The motor is designed to provide a comfortable amount of assist, but not to overpower the rider. At 240W, it will also be legal just about everywhere in the world. The US version of the e-bike will offer up to Class 3 speeds of 28 mph (45 km/h), while the European version will be limited to a maximum of 25 km/h (15.5 mph) to comply with local regulations. Specialized placed extra emphasis on designing the motor to be as natural feeling as possible, so the rider won’t notice large changes in power when the motor activates, or sudden drops in power when the rider’s pedaling exceeds the motor’s assist speed.
As product lead for Specialized’s Turbo bikes Marco Sonderegger explained to Electrek:

“We could have gone the easy route and buy a Bosch system or a complete system from Shimano or another brand. But then you can’t change anything. And what we do is totally different.”

Marco described how Specialized designs all of its own components so that they can have complete control over the smallest details that effect the rider experience and the feel of the bike. Even down to the physical holders of the battery cells, Specialized customizes everything to create that unique experience.
Details like those custom battery holders help Specialized cram a 320 Wh battery into the downtube while keeping the frame from looking bloated like many e-bikes. With an efficient pedal assist system, Specialized claims that the battery is sufficient for up to 100 km (62 miles) of range. An optional range extender battery can be slipped into a water bottle holder and add another 50 km (31 miles) of range. Using the bike’s Mission Control app, riders can choose which battery gets used first, or let them drain together. The range extender battery plugs right into the bike’s CAN bus, allowing it to communicate intelligently with the bike’s brain in the controller.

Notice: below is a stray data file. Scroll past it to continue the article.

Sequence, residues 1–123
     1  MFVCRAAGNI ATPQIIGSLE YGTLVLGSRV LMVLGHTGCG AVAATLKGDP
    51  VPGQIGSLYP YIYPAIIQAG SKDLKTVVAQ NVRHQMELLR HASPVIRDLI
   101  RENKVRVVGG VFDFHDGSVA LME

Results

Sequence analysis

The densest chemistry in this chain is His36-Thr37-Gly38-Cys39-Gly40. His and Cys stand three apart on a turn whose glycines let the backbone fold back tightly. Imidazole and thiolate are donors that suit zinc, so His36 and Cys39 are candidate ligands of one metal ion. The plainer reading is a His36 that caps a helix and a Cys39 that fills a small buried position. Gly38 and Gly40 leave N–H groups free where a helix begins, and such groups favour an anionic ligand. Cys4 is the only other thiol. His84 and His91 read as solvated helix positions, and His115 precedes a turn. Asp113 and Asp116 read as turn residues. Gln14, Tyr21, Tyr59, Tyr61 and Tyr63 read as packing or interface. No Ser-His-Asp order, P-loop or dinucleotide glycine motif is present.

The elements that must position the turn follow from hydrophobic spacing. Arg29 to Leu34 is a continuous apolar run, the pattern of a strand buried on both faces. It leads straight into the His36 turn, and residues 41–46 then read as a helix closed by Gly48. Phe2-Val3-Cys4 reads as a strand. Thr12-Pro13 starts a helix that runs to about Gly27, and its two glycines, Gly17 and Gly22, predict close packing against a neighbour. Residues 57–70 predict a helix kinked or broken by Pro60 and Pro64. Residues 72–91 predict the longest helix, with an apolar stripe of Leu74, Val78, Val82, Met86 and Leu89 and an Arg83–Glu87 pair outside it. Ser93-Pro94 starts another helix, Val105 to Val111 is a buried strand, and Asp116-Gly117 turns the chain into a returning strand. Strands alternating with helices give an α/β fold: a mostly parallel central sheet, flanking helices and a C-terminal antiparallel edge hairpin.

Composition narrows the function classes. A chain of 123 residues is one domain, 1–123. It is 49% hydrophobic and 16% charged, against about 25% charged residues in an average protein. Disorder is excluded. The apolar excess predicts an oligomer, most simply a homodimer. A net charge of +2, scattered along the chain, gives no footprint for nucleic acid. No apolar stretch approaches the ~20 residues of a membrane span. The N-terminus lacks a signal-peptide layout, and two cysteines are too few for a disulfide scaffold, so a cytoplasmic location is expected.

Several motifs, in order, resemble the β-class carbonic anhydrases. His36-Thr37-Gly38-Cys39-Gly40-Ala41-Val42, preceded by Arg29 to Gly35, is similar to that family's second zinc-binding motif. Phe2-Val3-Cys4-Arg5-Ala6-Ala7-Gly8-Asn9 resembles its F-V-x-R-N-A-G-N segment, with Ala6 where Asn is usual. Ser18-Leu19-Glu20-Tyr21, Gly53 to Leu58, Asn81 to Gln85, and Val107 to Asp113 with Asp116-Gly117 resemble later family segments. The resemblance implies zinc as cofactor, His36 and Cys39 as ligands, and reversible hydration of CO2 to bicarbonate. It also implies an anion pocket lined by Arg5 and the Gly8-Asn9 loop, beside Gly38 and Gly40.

Other features that can be accessed via the Mission Control app include over-the-air (OTA) updates and Smart Control, a feature that automatically controls the bike’s assistance level for riders based on the desired trip length or duration.
A rider simply enters a distance or riding time and then the Smart Control function will modify the assistance level in real time to ensure the bike has enough battery power to get there.
The change in assistance level is controlled to such a gradual amount that riders aren’t able to feel the switch between assistance levels.
Smart Control can also be paired with nearly any wireless heart rate monitor to control the assistance level based on the rider’s heart rate, helping maintain a target heart rate or preventing the rider from over-exertion.
The Turbo Como SL 5.0 starts at 45 lb (20.5 kg), which makes it one of the lightest weight full-featured upright city e-bikes. While specialized’s other SL variants like the Turbo Vado SL weigh several pounds less, upright utility e-bikes are generally heavier by nature.

The Specialized Turbo Como SL is available starting today and comes in three frame sizes: Small, Medium and Large. The Turbo Como SL 5.0 starts at $4,800, while the Turbo Como SL 4.0 is priced at $4,000.
We’ve got a Turbo Como SL 5.0 lined up for an Electrek review, so be sure to check back for our complete thoughts on the bike soon.